This post is from Rabbi Sharon Kleibaum, senior rabbi of Congregation Beit Simchat Torah, New York’s LGBTQ Synagogue.
Judge Walker’s decision last week to overturn Proposition 8 in California is a momentous and prophetic one–a decision that cries for a more just world. Despite the appeal, August 4, 2010 is a date that will go down in the history books. The question I am stuck with now is: Whose history books will record this day?
Without a doubt, this will be a day of mourning and rage in the conservative Mormon history books, the history of the religious right, and the rest of the hatemongers who work tirelessly to make this world a more broken place. The religious right has infused the marriage movement and LGBTQ rights into their daily lives, their prayer, their sermons, their donations–it has become a central part of their religious lives. If I am one hundred percent honest with myself, they probably think and take action on LGBTQ rights more than most of us in the Jewish community do, myself included. And this is what terrifies me.
Will August 4, 2010 be a date in the Jewish history books? Will Prop 8 being overturned be remembered as a day of significance for the Jewish people? For many of us as individuals, I am sure the answer is yes. From those of us in New York to those in California who were at the front of this fight, I know that many, many Jews will remember August 4th as history in the making. Some whole congregations will be celebrating this week, and while I find this thought heartwarming, I know this is not enough.
Jewish institutions have not yet taken on LGBTQ justice with the same commitment as the religious right. Federations, JCCs, Hillels, our schools, our synagogues, our political organizations–we have the infrastructure and institutional power necessary to advance LGBTQ justice, but most of us stay silent or only take action occasionally. What would it look like if Jewish communities across the country made LGBTQ justice the same kind of priority as the religious right did in California? What would our communities look like then? What would our history books say about us?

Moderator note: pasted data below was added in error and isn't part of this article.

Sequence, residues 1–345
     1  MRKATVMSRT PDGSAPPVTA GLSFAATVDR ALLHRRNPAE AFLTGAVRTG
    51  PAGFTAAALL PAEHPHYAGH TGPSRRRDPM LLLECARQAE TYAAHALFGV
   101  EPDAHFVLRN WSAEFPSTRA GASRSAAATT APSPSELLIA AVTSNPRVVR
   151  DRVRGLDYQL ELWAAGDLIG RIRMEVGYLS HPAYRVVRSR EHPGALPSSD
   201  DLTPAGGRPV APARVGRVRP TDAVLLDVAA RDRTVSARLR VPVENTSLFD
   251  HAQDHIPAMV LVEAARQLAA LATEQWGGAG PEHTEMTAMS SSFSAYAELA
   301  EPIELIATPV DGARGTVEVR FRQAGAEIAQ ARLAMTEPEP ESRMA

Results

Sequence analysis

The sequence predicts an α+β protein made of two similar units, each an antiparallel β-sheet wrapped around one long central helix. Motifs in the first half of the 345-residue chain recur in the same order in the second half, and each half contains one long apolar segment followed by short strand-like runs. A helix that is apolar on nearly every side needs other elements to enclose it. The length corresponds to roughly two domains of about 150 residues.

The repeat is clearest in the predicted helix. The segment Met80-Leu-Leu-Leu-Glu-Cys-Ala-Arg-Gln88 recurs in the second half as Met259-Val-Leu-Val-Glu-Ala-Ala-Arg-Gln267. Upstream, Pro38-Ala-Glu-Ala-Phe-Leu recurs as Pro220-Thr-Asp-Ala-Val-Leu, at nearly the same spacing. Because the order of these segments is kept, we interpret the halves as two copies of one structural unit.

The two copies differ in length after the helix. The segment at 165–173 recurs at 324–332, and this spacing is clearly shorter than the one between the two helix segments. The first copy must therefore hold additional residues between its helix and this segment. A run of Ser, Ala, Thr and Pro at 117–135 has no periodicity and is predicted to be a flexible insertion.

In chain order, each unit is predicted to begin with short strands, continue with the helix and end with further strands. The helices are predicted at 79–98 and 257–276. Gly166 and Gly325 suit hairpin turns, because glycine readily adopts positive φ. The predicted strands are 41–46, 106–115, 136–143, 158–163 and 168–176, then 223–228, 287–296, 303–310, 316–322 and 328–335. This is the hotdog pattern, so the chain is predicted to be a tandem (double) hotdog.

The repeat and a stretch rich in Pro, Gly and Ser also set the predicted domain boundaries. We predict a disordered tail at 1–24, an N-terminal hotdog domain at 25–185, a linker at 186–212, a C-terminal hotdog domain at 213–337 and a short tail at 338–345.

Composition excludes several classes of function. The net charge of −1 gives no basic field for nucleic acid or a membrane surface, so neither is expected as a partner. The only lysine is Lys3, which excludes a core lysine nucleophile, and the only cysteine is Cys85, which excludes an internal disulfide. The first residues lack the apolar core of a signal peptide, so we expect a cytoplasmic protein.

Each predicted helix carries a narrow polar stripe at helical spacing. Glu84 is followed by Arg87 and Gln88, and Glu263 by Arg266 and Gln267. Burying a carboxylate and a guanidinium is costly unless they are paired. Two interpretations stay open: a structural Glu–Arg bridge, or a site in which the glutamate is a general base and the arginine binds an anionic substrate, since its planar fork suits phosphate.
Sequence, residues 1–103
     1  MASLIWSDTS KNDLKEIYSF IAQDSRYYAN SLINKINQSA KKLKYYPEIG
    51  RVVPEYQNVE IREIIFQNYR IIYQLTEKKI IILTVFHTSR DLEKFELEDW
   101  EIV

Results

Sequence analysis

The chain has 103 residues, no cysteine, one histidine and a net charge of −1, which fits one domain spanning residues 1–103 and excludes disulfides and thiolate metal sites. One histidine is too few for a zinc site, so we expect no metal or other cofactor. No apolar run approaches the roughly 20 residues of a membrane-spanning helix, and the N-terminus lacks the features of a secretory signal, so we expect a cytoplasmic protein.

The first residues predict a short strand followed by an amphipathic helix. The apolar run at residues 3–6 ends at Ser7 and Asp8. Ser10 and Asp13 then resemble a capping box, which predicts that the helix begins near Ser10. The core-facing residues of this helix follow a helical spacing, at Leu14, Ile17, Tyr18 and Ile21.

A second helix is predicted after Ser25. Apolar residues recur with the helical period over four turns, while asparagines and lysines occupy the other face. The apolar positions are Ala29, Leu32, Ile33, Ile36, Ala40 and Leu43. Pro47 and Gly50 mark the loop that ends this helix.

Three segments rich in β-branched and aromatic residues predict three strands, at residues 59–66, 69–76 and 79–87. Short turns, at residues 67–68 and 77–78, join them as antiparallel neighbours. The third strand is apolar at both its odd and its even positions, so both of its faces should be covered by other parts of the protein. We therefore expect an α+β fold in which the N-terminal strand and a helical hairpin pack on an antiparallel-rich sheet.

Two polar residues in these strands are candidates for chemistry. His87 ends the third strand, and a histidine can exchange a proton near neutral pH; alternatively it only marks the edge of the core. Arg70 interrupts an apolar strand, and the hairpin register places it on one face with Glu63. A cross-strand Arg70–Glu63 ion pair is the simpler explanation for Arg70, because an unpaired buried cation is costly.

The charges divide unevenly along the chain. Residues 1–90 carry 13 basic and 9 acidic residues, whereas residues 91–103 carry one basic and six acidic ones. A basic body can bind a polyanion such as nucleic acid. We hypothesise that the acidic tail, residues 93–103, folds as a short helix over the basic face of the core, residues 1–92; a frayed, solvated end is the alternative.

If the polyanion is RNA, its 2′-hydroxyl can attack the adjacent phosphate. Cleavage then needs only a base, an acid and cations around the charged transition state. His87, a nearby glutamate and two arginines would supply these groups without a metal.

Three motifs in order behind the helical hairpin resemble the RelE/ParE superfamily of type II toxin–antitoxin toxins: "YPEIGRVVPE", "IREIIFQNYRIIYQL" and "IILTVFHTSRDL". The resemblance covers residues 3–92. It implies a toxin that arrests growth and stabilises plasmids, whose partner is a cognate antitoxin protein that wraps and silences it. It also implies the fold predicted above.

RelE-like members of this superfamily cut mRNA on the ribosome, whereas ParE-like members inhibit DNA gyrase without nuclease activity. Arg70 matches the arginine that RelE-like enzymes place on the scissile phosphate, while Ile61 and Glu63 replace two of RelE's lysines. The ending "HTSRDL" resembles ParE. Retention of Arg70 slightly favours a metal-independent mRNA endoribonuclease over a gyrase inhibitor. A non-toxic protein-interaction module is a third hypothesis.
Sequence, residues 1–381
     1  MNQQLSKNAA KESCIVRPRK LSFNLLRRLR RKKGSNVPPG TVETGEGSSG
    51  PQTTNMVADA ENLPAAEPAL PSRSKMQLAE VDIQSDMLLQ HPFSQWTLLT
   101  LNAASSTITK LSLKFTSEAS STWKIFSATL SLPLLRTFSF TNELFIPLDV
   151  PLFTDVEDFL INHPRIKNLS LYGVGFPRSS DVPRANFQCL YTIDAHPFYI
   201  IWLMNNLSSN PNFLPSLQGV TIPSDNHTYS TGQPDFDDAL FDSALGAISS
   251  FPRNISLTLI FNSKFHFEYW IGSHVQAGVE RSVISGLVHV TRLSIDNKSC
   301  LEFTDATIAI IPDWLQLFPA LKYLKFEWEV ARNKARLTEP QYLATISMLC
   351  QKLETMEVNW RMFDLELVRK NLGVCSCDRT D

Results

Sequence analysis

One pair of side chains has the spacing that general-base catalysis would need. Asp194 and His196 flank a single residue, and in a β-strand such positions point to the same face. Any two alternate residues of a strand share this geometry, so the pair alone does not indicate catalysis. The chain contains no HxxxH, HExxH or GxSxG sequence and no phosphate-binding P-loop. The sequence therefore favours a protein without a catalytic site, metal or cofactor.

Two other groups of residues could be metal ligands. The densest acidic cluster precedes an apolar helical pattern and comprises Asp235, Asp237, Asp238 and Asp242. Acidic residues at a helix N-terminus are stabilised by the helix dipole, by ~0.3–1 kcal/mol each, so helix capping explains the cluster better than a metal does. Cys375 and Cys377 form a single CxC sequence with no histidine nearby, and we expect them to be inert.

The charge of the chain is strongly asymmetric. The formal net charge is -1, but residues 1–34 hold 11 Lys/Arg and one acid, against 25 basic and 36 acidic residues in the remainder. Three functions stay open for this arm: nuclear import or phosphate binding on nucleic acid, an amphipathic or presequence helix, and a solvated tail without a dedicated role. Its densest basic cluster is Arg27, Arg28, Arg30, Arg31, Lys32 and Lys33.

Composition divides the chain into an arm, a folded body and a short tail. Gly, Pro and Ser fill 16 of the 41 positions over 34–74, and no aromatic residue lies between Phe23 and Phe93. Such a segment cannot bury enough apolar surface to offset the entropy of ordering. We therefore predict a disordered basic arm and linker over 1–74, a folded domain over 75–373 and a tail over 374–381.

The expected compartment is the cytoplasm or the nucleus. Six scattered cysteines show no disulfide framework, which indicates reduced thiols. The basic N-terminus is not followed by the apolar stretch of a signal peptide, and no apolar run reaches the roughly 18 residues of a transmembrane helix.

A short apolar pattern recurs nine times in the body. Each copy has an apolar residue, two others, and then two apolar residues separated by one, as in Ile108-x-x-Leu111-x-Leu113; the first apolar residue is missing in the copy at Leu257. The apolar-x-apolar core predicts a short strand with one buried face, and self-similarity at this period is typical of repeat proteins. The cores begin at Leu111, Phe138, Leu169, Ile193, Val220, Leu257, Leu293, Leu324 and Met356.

From Judge Walker’s decision, the following statement seems to be generating some excitement among people, “Moral disapproval alone is an improper basis on which to deny rights to gay men and lesbians.” This is true, and it is not enough. If we only take on the legal discrimination that denies LGBTQ people basic access to rights and we do not take on the moral and cultural discrimination that fuels it, then we are not doing our jobs. It is the abuse of religion in the name of hatred that leads to violent hate crimes, queer youth being kicked out of their homes, and trans individuals being denied healthcare. As Jews and as people of faith, it is upon us to redouble our efforts not just in the legal realm, but in the moral realm as well. We need to act.
With Rosh Hashanah fast approaching, it is a time for all of us to take stock of this past year and ask questions about how we want to live and what we want our world to look like. What will be recorded in our history books and who will be inscribed in the book of good life? It is time for all of us, myself included, to work even harder to fill our books with words of justice in the coming year.
Rabbi Sharon Kleinbaum